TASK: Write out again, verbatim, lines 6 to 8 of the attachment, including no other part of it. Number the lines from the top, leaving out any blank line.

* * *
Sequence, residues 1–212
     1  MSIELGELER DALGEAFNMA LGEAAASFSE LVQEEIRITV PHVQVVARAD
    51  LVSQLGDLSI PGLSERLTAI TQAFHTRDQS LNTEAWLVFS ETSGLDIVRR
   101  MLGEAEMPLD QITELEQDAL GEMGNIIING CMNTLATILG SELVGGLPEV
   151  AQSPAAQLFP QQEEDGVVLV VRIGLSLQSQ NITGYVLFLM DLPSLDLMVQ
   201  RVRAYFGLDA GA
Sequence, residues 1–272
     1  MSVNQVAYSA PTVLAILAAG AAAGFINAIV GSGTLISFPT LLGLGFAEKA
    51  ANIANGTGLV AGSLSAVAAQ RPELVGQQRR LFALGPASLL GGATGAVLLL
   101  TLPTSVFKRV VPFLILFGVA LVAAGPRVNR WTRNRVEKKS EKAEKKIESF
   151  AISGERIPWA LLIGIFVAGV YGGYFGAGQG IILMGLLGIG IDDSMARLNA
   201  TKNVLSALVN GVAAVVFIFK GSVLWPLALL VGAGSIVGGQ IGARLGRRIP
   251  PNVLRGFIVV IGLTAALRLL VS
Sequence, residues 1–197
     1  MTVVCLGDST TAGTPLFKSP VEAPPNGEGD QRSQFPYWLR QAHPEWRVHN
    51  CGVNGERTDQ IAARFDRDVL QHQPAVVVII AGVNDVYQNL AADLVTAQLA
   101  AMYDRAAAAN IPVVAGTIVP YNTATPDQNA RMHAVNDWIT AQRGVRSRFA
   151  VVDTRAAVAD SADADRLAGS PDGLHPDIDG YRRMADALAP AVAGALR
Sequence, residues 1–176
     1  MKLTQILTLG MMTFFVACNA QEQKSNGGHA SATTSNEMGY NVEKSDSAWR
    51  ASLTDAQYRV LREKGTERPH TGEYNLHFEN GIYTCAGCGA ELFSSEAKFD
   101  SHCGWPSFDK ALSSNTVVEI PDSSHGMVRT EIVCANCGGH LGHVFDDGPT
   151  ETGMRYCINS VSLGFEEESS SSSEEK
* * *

   201  RVRAYFGLDA GA
Sequence, residues 1–272
     1  MSVNQVAYSA PTVLAILAAG AAAGFINAIV GSGTLISFPT LLGLGFAEKA